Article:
But because human lives and human circumstances are not tied to the axial tilt of the Earth, there’s no telling when things start getting better. The solstice pause is invisible, isn’t it, when it’s in your life? It’s like hitting rock bottom, which can only be confirmed when you’ve started to rise again.
On this note, I heard an interesting tidbit from Alexander Shaia about the timing of Christmas. It’s not smack-dab on the winter solstice; it’s three or four days later. Three or four days is enough time to start really noticing that the sun is scooting the other way now, back up the horizon, which means the days are just a tiny bit longer. And that’s when Christmas happens: when you can actually see the beginnings of the increase of light.
The solstice is the mysterious point of stillness before change. We can’t always notice it when it’s there; it’s only in the rearview mirror, when things are really beginning to shift, that we can pinpoint the longest night of the year. Meanwhile, that moment of deepest darkness, which marked the beginning of the increase of the light, was set silently, imperceptibly, into motion.
If the days are dark for you right now, I wish you the best. I hope the reversal is coming soon.
In addition to living in the Golden Age of Television, we also appear to have the great fortune to also be living in the Golden Age of Podcasting. (How can a medium that didn’t exist 20 years ago have a Golden Age? I’m not entirely sure, but it sure feels like there will never be a time with more podcasts than there are now. I mean, how…?)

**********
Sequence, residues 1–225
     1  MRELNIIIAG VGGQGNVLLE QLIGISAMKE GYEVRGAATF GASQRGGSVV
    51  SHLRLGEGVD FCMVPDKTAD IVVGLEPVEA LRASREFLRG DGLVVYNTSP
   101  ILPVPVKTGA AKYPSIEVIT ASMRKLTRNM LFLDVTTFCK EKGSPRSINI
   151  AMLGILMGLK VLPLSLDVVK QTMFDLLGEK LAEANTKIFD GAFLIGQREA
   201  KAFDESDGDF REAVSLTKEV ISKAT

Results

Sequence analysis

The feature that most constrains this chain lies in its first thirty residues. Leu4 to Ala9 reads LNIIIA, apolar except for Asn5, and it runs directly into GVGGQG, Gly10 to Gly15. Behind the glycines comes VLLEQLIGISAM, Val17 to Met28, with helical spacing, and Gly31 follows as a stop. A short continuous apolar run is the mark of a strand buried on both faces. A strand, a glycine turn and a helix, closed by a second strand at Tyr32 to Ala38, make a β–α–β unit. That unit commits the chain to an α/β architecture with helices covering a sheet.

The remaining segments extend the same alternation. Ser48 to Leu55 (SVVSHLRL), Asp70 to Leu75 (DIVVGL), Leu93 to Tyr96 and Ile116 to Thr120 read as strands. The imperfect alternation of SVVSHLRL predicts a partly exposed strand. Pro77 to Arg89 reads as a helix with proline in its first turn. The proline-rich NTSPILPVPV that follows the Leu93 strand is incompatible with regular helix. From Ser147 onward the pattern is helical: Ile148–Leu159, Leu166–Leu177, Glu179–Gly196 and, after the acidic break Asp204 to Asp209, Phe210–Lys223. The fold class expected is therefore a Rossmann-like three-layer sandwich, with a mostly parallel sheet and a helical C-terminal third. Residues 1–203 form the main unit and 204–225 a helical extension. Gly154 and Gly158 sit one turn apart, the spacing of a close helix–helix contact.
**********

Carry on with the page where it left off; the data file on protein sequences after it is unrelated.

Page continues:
All this Content can make some of us (me) feel a little overwhelmed. Thoughts and prayers. We’ll get through this together.
But not before I recommend some Content.
The podcast world is full of all manner of shows to listen to: political analysis, news updates, science and history and pop-culture informers, emotional shows about hidden and unknown things that, one surmises, couldn’t be revealed outside the secretive world of the podcast. And then there’s a whole lot of random people swapping jokes with their friends for public consumption, which I’ll admit is a genre I really don’t get.
Due to my strong innate inclination to FOMO, I’ve become a heavy user of this medium. Shocking though it may be to you few, you happy few, you band of readers, the world of written Content like blogs is long gone, and the age of video and audio is at hand. Therefore, people whose ideas I want to hear are saying their ideas out loud in this format, rather than writing them down. And I do get a lot of insights this way, but unfortunately, one must listen to the whole damn thing to wait for a few morsels of wisdom to fall. This makes podcasts rather more difficult to skim than a printed article, and a lot more time-consuming.
So I listen at 2x speed. Then I wonder why I tend to feel a little manic and overstimulated.
But that’s a problem for another time.
After this wordy intro, all I’m really here to say is that one of my favorite genres of podcast lately is fiction. It’s a rich field, and because the podcast medium is cheaper to produce and has lower barriers to entry than film/TV and traditional book publishing, there are a lot of small producers making great audio fiction that you can access all for free.
This time of year, a lot of us are traveling, and I think some of these podcasts make a great short alternative to an audiobook if you like to listen to a story while you drive, or while you take a break from whatever you need to take a break from this season.